A boutique makeover for The Atlantic Inn has reinvigorated the 65-year-old, family-owned business in Wethersfield, Connecticut. (Photo courtesy The Atlantic Inn)
The Atlantic Inn in Wethersfield, Conn. has been a family-run business since Michael Budney built and opened the motel in 1954, but despite all the bloodlines, sweat and tears put into the property well over a half-century, even his nephew had to admit the old place needed a makeover.
"We always maintained it well," said current owner John Kulesza, "but given
the proliferation of new motel and hotel construction in the area, especially
chain-affiliated, I felt we needed to both differentiate ourselves and celebrate
the fact we're an independent property."
Kulesza, who in the mid-1980s became
the fifth member of the family to own The Atlantic, was a trendsetter when
he turned the single-level, 32-room property, originally named the Atlantic
Motel, into a "luxury motor hotel" 10 years ago. The makeover, which today
would be called "boutique," shed The Atlantic from its dated appearance to
a look more retro and, thus, created a fresh and fashionable appeal to younger
generations that didn't necessarily grow up with motels, especially those
of the mom and pop variety.
The most visible upgrade would make an immediate
on The Atlantic's transformation from square to chic. Kulesza designed a
marquee sign in the style of yesteryear's grand hotels. SIGNlite in North
his vision a reality, producing a channel (individual) letter sign that spells
out "A-T-L-A-N-T-I-C" more modishly than the one it was replacing after 55
years. Below the name, acting at night as an underscore for the straight
line of eight blue-lit letters, Kulesza installed a bracket-shaped row of
white" LED bulbs from California-based LEDtronics. The final look is exactly
what the owner visualized, but only after a round of trial and error.
"We tried incandescent 'night light' bulbs, but they produced too yellow a
said. "I found LEDtronics on the internet and saw they had the right bulb
for us – one that produced a clean, white light that complemented our building."
for Kulesza was making a good first impression with registered guests and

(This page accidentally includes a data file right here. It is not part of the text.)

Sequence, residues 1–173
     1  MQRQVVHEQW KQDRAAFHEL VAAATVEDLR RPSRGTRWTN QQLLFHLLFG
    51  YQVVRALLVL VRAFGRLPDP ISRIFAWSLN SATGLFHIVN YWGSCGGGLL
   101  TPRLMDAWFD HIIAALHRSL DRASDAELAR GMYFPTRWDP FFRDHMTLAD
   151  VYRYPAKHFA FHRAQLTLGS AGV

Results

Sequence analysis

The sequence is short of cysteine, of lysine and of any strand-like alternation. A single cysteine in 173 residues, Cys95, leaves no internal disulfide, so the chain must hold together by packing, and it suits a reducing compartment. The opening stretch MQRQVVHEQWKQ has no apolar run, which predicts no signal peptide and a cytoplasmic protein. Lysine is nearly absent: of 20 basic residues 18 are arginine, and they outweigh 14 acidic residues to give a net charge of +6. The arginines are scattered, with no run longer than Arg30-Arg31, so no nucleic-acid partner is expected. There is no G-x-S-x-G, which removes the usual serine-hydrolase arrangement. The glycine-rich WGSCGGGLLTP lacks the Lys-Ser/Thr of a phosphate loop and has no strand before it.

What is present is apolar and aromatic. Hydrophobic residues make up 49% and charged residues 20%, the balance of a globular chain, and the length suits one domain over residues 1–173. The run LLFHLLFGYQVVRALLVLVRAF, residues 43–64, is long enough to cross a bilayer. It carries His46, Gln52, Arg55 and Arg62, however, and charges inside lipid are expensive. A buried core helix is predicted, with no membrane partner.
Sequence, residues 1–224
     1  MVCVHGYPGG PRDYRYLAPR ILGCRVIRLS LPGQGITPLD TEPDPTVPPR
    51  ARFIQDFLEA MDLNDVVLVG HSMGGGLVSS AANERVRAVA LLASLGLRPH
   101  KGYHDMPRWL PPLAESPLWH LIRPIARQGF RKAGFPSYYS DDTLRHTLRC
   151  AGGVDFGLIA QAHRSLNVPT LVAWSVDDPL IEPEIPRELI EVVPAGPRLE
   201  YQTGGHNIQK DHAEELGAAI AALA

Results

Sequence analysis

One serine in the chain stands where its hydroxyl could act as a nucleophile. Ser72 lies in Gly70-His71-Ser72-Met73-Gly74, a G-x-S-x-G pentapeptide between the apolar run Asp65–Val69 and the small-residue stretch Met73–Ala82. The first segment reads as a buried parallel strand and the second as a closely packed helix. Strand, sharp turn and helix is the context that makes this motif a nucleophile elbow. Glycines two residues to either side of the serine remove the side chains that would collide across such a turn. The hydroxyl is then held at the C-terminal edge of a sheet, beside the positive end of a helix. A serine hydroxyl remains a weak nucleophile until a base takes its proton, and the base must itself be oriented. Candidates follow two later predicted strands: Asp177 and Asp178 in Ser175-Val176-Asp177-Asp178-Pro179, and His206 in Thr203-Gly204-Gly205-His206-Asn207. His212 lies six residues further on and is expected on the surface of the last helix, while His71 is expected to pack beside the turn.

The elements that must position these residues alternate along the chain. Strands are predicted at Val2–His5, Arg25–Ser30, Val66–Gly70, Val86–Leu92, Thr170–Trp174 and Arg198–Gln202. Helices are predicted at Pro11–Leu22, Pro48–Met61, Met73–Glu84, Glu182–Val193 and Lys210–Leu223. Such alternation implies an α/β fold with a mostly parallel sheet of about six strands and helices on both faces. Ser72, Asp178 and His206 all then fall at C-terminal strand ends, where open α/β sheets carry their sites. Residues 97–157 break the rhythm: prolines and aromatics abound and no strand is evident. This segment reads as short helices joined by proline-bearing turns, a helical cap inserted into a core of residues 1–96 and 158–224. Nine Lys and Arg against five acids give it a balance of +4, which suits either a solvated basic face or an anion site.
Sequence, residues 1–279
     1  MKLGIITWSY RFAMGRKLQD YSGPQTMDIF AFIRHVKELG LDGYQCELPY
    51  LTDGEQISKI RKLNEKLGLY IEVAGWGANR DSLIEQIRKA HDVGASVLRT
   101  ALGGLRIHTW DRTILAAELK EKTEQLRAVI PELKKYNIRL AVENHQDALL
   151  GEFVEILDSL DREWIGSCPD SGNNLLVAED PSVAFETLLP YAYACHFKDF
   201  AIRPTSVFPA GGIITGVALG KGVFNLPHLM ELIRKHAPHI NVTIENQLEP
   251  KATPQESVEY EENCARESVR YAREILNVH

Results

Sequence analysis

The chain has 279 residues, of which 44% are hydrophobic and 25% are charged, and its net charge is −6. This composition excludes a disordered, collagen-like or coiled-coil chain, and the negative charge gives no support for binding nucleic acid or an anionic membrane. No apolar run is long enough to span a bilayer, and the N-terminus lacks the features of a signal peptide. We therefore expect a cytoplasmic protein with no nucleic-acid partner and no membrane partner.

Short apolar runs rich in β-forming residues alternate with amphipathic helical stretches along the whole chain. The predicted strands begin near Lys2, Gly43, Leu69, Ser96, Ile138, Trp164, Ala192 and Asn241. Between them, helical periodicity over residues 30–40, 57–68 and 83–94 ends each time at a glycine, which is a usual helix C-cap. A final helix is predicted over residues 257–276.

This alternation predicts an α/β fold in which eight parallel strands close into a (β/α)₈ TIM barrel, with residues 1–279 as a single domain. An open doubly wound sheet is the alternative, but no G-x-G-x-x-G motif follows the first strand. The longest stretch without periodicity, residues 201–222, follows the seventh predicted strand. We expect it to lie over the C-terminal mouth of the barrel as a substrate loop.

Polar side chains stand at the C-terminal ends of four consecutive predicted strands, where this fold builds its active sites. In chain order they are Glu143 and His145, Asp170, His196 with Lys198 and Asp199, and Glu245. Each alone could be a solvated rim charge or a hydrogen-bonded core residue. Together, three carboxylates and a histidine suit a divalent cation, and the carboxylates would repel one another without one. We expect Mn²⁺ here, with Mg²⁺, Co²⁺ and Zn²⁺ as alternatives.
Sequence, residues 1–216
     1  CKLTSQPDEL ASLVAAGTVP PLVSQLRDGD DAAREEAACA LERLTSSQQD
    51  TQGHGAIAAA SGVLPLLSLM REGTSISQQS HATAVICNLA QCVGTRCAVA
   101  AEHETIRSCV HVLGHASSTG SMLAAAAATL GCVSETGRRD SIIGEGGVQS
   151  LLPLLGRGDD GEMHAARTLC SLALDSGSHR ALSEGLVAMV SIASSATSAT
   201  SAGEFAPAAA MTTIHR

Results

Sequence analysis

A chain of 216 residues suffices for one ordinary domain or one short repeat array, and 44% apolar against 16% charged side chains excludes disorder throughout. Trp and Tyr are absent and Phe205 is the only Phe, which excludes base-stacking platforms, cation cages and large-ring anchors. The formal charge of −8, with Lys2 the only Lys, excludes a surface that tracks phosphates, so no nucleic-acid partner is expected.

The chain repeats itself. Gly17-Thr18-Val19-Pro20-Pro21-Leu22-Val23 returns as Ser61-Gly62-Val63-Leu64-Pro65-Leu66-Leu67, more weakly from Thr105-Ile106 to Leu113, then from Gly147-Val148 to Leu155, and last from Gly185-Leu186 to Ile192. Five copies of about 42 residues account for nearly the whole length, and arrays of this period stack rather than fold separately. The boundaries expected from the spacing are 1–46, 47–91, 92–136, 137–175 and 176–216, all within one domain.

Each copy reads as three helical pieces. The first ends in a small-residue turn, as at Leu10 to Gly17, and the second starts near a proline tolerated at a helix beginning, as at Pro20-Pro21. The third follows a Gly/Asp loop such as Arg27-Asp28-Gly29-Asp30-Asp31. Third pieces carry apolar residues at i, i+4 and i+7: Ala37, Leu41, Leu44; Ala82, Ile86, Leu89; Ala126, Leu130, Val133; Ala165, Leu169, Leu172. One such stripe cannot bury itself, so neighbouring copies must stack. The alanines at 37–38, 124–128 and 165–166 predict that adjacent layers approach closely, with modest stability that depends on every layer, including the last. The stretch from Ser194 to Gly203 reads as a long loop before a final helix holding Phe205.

potential business off the 44,000 vehicles that pass 1840 Berlin
on any given day.
"Since we are an independent property, people don't really have a name brand
to reference or gauge quality," he said. "Lighting and signage play a critical
role in any business, and even more so with ours. Keep in mind that most
people check into lodging at night."
Once inside their rooms, guests will
experience other boutiquey upgrades. Each unit's bathroom has been renovated
with spacious, walk-in tiled showers.
Beautyrest mattresses and bed linens were put in each guest room, along
with an ergonomic work area, iPod-compatible clock radio, large flat-screen
and upgraded, complimentary Wi-Fi. Besides tapping the services of Connecticut-based
licensed interior designer Donna Moss, ownership invested in an amalgam
of amenities meant to appeal to Baby Boomers and millennials alike, as for
Trinity College parents and their collegiate kids; the respected private
arts institution is under a 10-minute drive north, as is larger Central
Connecticut State University to the west.
Another key to The Atlantic backing
claim of "preserving its nostalgic roots for modern-day America," as stated
on its website at www.atlanticinnct.com, was joining the Expedia system.
alone, broadened The Atlantic's customer base beyond, well, the Atlantic.
It also has spawned reviews so positive that the owner hopes people don't
"Business has improved, absolutely," Kulesza said on the 10th anniversary
since the property metamorphized from a tired motor inn to a luxury motor hotel. "Guests
are delighted, which pleases us immensely. We're saving money, too. Our monthly
electric bill has gone way down thanks to the LEDtronics bulbs drawing 96
watts, not the 320 watts as the old incandescents did. Those 80 lights burn
long! Just as impressive, most of the bulbs are still working perfectly after
a decade of use every single night, even being exposed to rain, sleet, snow,
etcetera. Couldn't be happier."
Not lost on Kulesza is the fact that the hospitality
industry doesn't see too many 65-year-old independent inns successfully
changing with the times,
alone one that manages to remain in the family.
That's a feather in the
innkeeper's cap for the current owner and his deed-holding ancestors,
starting with the
man who built it. Kulesza's Uncle Mike is now 107, and thanks to his
living next door to the present owner, enjoys hearing stories of the old
place getting younger.
— By David Dickstein
Originally posted in the Greater Hartford Local News, June 29, 2019